The threat worked
For all you innumerable skeptics of President Barack Obama’s calls for military strikes on Syria, consider this:
For decades, Syria has refused to confirm that it has chemical weapons. Now, facing a limited strike, its position abruptly changed to: Oh! We do have them after all! And we want to sign the Chemical Weapons Convention! We want to show them to United Nations inspectors.
In short, the mere flexing of military power worked — initially and tentatively. And while it seems that neither Congress nor the public has any appetite for cruise missile strikes on Syria, it will be critical to keep the military option alive in the coming weeks or Russia and Syria will play us like a yo-yo.
Frankly, I’m skeptical that a deal can be worked out in which Syria hands over its chemical weaponry, and Obama may have exchanged a losing struggle with Congress with a Sisyphean struggle with Russia. But it’s not impossible. And even if Syria cheated and stalled and eventually handed over only half of its chemical arsenal and none of its biological arsenal, that would still be a huge win for global security.
So here’s a three-track strategy for Syria going forward:
n Negotiate with Moscow on removal of Syrian chemical weapons and insist on conditions to ensure we’re not being played, including immediate disclosure to the United Nations of chemical weapons stockpiles, a binding Security Council resolution confirming the deal, a reference in the resolution to “serious consequences” for noncompliance, and immediate installation of camera monitors on at least a few locations.
n Groundwork in Congress to authorize a limited missile strike if Syria does not comply, partly to retain leverage with Moscow.
n Expansion of efforts to arm and support moderate Syrian rebels, accompanied by covert cyberwarfare on the Syrian regime, to try to change the momentum on the ground.
Ultimately, that’s the best hope to coerce President Bashar Assad to step down so that all sides can try to reach a cease-fire and power-sharing agreement. Yet if we’re going to sustain the pressure, we have to address these fundamental questions: Can we really promote peace with military force? Is it possible to help a country by bombing it?
Longtime readers know that I adamantly opposed the Iraq war and Afghan surge, oppose strikes on Iranian nuclear sites and tend to think we overinvest in military tools and underinvest in diplomatic ones. So many readers were stunned that I’ve endorsed missile strikes on Syria — and I’m hearing screams of betrayal.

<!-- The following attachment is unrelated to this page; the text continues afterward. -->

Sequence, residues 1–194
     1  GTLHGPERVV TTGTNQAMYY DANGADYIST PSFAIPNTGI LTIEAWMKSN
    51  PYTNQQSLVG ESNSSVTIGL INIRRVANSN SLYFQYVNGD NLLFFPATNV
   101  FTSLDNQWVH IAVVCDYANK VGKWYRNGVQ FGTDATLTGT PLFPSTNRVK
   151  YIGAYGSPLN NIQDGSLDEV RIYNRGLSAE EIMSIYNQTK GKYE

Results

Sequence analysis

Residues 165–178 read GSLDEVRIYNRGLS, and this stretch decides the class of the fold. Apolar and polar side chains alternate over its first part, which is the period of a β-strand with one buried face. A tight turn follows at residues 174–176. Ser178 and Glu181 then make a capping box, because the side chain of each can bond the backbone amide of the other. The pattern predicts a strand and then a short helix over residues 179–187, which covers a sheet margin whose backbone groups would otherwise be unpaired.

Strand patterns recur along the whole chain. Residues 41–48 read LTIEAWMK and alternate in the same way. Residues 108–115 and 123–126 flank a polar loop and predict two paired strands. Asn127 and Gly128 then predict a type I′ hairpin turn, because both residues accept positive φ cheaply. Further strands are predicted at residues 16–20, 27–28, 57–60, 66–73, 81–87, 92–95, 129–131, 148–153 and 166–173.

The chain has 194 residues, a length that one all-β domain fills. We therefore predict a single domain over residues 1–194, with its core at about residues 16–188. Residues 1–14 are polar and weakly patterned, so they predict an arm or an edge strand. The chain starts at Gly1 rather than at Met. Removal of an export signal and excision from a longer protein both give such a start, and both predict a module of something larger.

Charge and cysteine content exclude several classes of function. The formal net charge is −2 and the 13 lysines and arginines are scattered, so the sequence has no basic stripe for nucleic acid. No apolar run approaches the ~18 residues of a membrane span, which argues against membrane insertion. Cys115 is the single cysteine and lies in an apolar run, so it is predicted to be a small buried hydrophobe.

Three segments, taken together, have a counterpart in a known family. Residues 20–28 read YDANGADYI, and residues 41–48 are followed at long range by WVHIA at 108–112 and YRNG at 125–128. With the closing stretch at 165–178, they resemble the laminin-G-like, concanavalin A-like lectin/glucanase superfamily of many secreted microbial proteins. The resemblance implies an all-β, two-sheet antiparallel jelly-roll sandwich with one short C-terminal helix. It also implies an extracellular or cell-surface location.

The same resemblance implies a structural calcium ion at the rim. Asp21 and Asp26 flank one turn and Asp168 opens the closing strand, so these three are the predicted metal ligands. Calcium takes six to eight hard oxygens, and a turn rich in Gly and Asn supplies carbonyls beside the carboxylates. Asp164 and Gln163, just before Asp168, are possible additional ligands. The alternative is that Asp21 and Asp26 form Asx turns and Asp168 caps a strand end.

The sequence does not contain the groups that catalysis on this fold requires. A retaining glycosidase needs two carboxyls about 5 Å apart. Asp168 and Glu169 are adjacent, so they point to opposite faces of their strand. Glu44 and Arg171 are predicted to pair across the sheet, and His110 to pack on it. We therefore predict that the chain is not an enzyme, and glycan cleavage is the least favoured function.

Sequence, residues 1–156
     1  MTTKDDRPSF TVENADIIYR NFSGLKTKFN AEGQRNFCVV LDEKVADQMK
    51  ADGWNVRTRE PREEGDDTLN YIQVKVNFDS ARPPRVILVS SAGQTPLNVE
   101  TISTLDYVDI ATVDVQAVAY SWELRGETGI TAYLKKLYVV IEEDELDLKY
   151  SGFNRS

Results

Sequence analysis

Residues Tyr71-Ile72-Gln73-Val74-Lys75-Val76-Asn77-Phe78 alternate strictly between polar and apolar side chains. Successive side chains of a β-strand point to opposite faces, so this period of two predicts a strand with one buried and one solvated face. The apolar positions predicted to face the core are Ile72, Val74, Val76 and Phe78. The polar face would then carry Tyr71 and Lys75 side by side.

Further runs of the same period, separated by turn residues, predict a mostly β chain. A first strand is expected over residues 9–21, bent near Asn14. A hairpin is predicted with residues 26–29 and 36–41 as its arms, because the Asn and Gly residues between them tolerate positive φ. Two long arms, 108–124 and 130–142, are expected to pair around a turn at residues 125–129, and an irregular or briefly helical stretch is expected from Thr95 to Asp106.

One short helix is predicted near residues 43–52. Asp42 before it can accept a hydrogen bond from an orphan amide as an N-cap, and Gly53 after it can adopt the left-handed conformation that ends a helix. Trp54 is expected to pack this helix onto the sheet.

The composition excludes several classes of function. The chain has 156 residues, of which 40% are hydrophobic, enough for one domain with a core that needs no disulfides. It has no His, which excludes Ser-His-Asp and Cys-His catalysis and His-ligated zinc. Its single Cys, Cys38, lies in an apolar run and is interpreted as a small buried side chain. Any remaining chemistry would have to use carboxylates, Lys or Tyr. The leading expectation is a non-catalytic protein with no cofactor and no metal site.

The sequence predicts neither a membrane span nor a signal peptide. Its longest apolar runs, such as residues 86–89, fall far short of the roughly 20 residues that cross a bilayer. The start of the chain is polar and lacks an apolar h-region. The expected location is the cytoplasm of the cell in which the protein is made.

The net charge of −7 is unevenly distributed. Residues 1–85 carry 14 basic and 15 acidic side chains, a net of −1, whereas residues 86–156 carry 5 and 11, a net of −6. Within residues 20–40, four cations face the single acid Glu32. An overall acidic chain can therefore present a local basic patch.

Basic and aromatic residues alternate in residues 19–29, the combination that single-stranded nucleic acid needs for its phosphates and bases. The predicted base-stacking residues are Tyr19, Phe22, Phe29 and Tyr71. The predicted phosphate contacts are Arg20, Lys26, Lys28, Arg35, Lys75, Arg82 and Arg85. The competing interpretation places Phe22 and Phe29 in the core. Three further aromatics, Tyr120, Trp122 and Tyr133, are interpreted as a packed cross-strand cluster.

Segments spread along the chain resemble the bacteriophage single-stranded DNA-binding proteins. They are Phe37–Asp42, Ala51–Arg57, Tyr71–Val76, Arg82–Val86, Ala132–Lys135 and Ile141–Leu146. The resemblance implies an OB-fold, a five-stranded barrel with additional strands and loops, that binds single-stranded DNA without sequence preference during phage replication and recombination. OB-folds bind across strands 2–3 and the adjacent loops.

“You can’t kill people to show that it’s wrong to kill people,” Christine protested on my Facebook page.
“When has violence, killing and aggression helped anything,” demanded Jan, also on Facebook.
The answer is: Sierra Leone, Mali, Ivory Coast, Bosnia and Kosovo. In each of those countries, an outside military force intervened at minimal cost and saved large numbers of lives. In several (as Clausewitz would have predicted), war buttressed diplomacy and helped achieve peace agreements.
We think of warfare in binary terms, as if our options are invasions or nothing at all, but that’s misleading. All-out wars have a poor record, but modest interventions of the kind Obama is talking about in Syria have a more successful (though still mixed) history.
That’s even true in Iraq, although I hate to mention the word because it sends a shudder up every reader’s spine. While the war that began in 2003 was a disaster, two limited interventions succeeded in Iraq. One was President Bill Clinton’s 1998 bombing of Iraqi military sites for a few days (maybe the closest parallel to Obama’s plan for Syria); it may have convinced Saddam Hussein to abandon WMD programs. The other is the no-fly zone over Iraq’s Kurdish areas in the 1990s to prevent a genocide there. They were limited uses of force that proceeded so smoothly that they are hardly remembered.
“War is obviously terrible, but it’s not the ultimate evil,” notes Kenneth Roth, executive director of Human Rights Watch. “Some things are worse, and one is the deliberate slaughter of civilians.”
Human Rights Watch doesn’t take a position on a strike on Syria, and Roth notes that military intervention isn’t the first tool to reach for to prevent mass atrocities. Sometimes armed intervention hurts. Sometimes it helps. We’re left to decide on a case-by-case basis.
In Syria, for two and a half years, we’ve given the regime a green light, and the killing has escalated from 5,000 a year to 5,000 a month — and, last month, to a poison gas attack that was perhaps the biggest massacre in the war. Now Obama’s threat of military strikes has turned the light yellow, Syria is scrambling to adjust, and there is some hope of a diplomatic solution. Let’s not allow the light to go green again.
Nicholas D. Kristof is a columnist for The New York Times.